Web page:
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Marquette Wire

The student news site of Marquette University

Marquette Wire

The student news site of Marquette University

Marquette Wire

West Nile swarms Milwaukee

Wisconsin has experienced a record high number of cases of West Nile Virus this year, and until the first frost, residents could still be at risk.

Paul Biedrzycki, the City of Milwaukee Health Department’s director of disease control and environmental health, said that state-wide, there have been about 40 cases with 3 deaths.

Biedrzycki said more than half of the cases have been in Milwaukee County, with a quarter of all cases occurring in the city.

“For the U.S. overall, we are seeing the highest number of reported cases through the first week of October since 2003, the year with the previous highest number of cases,” said Candice Burns Hoffman, a health communication specialist for the Centers for Disease Control and Prevention.

Biedrzycki said it will most likely be a record year for the virus.

Wisconsin saw the most cases of the disease in 2002, with 48 cases, and 2006, with 21 cases.

According to Hoffman, the CDC received a total number of 3,969 human cases of West Nile Virus, including 163 deaths this year.

“Most of these individuals are over 50 years of age, and we’ve received most of our reports in the last month,” Biedyzycki said. “We typically see the peak of West Nile Virus infections in August.”

Biedrzycki said the reason we see the emergence of the West Nile virus in August and September is because the disease has a two- to three-week incubation period.

“Thankfully, the worst of the year may be over,” Hoffman said. “Based on West Nile virus seasonal outbreaks in previous years, we expect that the peak of transmission occured in mid- to late-August and the number of infections will decrease over the next several weeks.”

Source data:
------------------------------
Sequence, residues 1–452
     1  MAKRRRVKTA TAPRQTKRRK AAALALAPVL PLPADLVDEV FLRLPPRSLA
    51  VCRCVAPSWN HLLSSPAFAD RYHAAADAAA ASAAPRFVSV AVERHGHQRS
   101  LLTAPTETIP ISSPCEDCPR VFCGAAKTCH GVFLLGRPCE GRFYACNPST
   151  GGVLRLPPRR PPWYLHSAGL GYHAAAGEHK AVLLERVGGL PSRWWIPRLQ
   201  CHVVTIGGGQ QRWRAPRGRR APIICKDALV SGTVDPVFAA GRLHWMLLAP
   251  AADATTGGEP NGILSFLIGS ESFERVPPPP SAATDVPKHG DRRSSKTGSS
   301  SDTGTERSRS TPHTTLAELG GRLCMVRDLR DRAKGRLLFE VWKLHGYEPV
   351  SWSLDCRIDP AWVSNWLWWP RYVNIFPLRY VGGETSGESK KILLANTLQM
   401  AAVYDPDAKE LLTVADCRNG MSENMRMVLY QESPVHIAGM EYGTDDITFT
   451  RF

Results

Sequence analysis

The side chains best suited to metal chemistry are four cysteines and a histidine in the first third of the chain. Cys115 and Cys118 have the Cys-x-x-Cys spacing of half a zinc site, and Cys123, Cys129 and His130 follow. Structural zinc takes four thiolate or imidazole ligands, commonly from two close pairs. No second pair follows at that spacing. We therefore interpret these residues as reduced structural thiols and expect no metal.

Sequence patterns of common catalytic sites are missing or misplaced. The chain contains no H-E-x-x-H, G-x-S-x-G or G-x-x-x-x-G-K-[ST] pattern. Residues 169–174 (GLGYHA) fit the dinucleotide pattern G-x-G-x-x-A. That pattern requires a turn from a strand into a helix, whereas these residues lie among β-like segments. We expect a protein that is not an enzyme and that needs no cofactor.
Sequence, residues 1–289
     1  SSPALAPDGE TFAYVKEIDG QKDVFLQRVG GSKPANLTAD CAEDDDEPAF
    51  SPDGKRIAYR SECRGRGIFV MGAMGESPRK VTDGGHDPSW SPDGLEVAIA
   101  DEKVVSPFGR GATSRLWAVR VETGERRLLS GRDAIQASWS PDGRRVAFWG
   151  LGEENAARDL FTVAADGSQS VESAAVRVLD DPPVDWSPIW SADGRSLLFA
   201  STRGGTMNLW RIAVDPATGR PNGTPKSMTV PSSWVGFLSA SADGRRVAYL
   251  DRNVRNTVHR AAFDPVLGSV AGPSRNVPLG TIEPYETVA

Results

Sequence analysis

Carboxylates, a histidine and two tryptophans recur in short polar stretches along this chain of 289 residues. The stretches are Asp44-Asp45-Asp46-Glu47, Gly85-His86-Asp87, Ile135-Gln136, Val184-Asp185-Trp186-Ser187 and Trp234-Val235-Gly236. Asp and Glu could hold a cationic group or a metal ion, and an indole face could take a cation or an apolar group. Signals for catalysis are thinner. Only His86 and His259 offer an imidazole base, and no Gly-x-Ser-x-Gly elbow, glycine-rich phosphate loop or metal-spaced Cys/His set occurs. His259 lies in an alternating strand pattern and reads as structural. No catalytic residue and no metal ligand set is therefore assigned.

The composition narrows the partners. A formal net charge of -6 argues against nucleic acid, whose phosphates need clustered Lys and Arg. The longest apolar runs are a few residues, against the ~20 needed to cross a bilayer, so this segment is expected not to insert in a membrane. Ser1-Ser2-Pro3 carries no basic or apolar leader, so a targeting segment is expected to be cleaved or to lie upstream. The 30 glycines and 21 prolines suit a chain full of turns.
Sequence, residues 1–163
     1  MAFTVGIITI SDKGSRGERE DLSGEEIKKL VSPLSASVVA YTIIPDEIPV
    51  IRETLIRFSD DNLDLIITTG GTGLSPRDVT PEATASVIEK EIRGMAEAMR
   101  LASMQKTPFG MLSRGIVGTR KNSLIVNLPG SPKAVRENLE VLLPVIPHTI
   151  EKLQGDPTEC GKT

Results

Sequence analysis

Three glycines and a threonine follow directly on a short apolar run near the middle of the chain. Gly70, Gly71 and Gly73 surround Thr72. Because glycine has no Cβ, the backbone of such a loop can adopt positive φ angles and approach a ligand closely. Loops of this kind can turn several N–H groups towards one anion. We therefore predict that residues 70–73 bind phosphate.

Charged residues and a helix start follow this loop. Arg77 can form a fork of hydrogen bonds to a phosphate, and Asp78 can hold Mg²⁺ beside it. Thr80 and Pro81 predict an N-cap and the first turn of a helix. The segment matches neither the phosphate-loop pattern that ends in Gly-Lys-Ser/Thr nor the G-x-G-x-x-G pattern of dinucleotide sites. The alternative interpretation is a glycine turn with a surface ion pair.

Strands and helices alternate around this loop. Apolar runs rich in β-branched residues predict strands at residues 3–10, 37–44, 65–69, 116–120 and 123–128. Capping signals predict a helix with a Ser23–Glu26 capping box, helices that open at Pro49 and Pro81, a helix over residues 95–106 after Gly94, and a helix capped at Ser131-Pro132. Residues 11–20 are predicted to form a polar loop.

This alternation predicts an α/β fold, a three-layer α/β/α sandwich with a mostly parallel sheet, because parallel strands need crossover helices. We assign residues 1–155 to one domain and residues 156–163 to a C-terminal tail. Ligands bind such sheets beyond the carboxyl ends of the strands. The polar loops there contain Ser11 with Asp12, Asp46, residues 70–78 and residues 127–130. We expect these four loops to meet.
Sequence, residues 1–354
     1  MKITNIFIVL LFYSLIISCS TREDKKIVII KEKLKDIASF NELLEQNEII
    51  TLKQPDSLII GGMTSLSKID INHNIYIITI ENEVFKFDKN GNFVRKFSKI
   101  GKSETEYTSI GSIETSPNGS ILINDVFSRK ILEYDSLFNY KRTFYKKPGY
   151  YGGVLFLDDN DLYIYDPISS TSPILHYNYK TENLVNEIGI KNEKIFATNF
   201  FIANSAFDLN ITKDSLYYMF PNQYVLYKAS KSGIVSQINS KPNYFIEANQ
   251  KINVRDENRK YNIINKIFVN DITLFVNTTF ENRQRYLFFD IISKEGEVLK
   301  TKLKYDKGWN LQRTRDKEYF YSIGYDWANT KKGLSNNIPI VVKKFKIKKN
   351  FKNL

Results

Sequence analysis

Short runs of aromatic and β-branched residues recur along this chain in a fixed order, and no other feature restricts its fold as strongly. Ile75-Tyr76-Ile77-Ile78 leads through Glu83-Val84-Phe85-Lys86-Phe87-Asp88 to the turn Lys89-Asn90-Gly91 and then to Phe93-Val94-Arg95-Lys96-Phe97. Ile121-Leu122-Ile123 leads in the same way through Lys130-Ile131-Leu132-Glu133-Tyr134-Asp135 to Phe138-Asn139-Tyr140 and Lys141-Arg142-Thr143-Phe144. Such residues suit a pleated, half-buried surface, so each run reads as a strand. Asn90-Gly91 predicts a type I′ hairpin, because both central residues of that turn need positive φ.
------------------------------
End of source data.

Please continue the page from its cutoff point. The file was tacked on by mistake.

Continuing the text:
Hoffman said it will be difficult to predict how many cases will arise over the next few weeks because of the various factors that affect West Nile transmission.

“The warm weather has also made mosquito populations lingering,” Biedrzycki said.

The culex pipiens mosquito is the predominant transmitter of the disease. Although it doesn’t prefer to bite humans, it is known to bite birds, which is how the disease is transmitted.

“You need the mosquito to bite birds to transmit the disease,” Biedyzycki said “The culex pipiens likes hot dry weather, yet we don’t know the exact cause why the disease is blooming and causing deaths. This is really an unusual year.”

This unusual year has consisted of long drought-like conditions with unusually high temperatures, which is the environment the culex pipiens thrives in.

“I don’t think it’s cause for alarm, but I do think it’s a real public health issue which we are following very closely,” Biedrzycki said. “We are trying to get the message out to the public, which is a little complacent because mosquitos haven’t been bad this year. Mosquito biting hasn’t been bad, but the West Nile virus is bad.”

Biedrzycki said that the threat of West Nile ends after the first frost of the season, but the Milwaukee Health Department won’t know the total number of cases until a few weeks pass after the frost.

Until then Biedrzycki is urging that to prevent further breeding of the culex pipiens, residents should empty all stagnant water and wear long sleeves and pants while applying mosquito repellent.

“My suspicion is that it is climate related: The weather favored this particular mosquito, and people let their guard down around this mosquito,” Biedrzycki said. “I can assure you that before next year we will better understand what is happening.”

The CDC said the best way to prevent West Nile Virus is to use insect repellents when going outdoors, wear long sleeves and pants during dawn and dusk and install or repair screens on windows or doors and to use air conditioning.

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